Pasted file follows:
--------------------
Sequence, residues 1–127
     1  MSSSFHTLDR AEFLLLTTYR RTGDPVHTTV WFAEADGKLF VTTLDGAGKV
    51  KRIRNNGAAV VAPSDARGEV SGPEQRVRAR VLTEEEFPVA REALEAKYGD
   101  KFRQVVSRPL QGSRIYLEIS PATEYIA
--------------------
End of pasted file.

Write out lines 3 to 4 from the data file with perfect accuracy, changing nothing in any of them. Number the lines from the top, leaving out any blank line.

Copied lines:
    51  KRIRNNGAAV VAPSDARGEV SGPEQRVRAR VLTEEEFPVA REALEAKYGD
   101  KFRQVVSRPL QGSRIYLEIS PATEYIA